River & Fishing Report

Water Information
Water Temperature
Upper Roaring Fork
1300 CFS
Lower Roaring Fork
3430 CFS
North Star
266 CFS

Rafting and Fishing Report


Snow is melting and the rivers are running! Now is the time to get on the river. 

We are currently running all rafting trips on the Roaring Fork River. We have wetsuits, neoprene boots, and splash tops to keep everyone warm during this unpredictable spring weather.

As water levels rise, so will our age minimums. 

Slaughterhouse is at a fun level with big drops, big splashes, and lots of paddling! Physical fitness is a must and everyone in your group needs to be a strong swimmer!

The Upper Roaring Fork is great for groups that want excitement, but aren’t ready for Class IV or have kids from 10-14. 

For those with young children and folks that just want something relaxing, the Lower Roaring Fork is a beautiful section with great scenery and the occasional wildlife sighting! 

Northstar Nature Preserve has a few beaver dams that are fairly easy to get over, but make sure you have shoes with you! 


Spring is here and the days are getting longer! With the warmer weather, snowmelt is in full effect and spring runoff has begun. We’re expecting the water levels to be on the rise until sometime in early June. The river level is on the rise but that doesn’t necessarily mean the fishing is poor. Using the appropriate tactics and techniques for high, fast water, our clients have been quite successful.

We are very fortunate that, due to the unique geology in our watershed, the upper sections of the Roaring Fork River never get entirely “blown out” or too murky to fish. As you move downstream below Basalt water clarity becomes much more of an issue. We recommend sticking to either the upper Roaring Fork or the Frying Pan River (which is dam controlled) for the best conditions. Afternoons tend to be best since that’s when the water is the lowest.  Float fishing in our area all takes place on the lower Roaring Fork and the Colorado Rivers and will most likely not be fishable till early June.

For best results we’ve been sticking to nymph fishing with larger and or brighter colored attractor nymphs. The murkier and higher the water the bigger and brighter you can go with your flies. Use heavy flies and or split shots to get down to the bottom. Focus on the edges and slower moving water behind rocks and on the inside bends. One of the advantages to high water fishing is that you can get away with large flies and stout tippet (3x or even 2x).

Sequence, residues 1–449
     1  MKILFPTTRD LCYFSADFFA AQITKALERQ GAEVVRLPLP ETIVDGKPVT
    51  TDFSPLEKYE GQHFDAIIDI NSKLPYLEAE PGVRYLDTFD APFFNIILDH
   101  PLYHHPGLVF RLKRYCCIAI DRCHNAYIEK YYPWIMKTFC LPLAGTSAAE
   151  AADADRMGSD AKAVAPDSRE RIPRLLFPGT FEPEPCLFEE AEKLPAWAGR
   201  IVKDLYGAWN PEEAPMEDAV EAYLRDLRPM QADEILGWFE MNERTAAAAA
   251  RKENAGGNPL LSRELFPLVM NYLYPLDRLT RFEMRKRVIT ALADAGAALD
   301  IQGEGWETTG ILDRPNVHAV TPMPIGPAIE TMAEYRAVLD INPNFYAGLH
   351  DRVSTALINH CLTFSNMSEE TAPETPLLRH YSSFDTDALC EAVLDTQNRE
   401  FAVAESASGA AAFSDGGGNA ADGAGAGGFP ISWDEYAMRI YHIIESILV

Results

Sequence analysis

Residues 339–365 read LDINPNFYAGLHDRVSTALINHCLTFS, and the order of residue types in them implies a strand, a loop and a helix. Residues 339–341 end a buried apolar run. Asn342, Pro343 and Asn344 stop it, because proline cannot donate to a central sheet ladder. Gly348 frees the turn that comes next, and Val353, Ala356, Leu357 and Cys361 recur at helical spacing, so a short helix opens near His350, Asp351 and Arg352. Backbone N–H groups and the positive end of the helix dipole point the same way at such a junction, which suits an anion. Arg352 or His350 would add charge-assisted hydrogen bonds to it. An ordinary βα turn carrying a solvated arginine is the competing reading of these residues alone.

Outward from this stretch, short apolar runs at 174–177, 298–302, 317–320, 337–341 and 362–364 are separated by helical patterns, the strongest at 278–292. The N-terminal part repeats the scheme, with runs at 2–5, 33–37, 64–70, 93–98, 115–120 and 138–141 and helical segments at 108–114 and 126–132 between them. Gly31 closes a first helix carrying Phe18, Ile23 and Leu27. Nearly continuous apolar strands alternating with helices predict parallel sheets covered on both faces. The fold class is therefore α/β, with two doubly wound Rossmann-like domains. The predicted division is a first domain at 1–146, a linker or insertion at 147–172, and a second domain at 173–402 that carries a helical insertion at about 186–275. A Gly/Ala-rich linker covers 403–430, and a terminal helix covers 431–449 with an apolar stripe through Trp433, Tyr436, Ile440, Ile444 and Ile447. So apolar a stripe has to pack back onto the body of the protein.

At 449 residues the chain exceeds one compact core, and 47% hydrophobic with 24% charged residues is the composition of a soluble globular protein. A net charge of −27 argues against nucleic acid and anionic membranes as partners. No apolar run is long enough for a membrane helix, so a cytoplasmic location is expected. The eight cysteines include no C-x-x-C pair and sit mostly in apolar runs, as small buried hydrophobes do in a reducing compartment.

Best flies include: 

  • Stoneflies, such as Pat’s rubber leg #8-10
  • Drake Nymphs, 20 inches and Prince Nymphs #10-12 work well 
  • Flashy flies such as Rainbow warriors #16, Lightning bugs #16-12, and Psycho Princes #16-12 
  • Also, as the wetlands flood, tons of worms end up in the river, especially close to Aspen. 
  • San Juans and Squirmies work well in various colors and sizes.


Looking forward, as we head into June, the fishing will improve dramatically. As soon as the river peaks and starts to come back down we will be seeing a plethora of hatches including the famous Green Drake Hatch. By late June we should be experiencing some of the best dry fly fishing of the year. The best way to experience this epic fishing is by doing an evening float on the lower Roaring Fork or Colorado Rivers.

Spring time fly-fishing rainbow trout
River Section
Age Minimum
15 +
Upper Roaring Fork
9 +
Lower Roaring Fork
4 and at least 35lbs
Wade Fishing
10 +
Float Fishing
Not Recommended at this time


Clear sky
11:44 AM
Min: 51°F
02:25 AM
Max: 72°F
SW 11 mph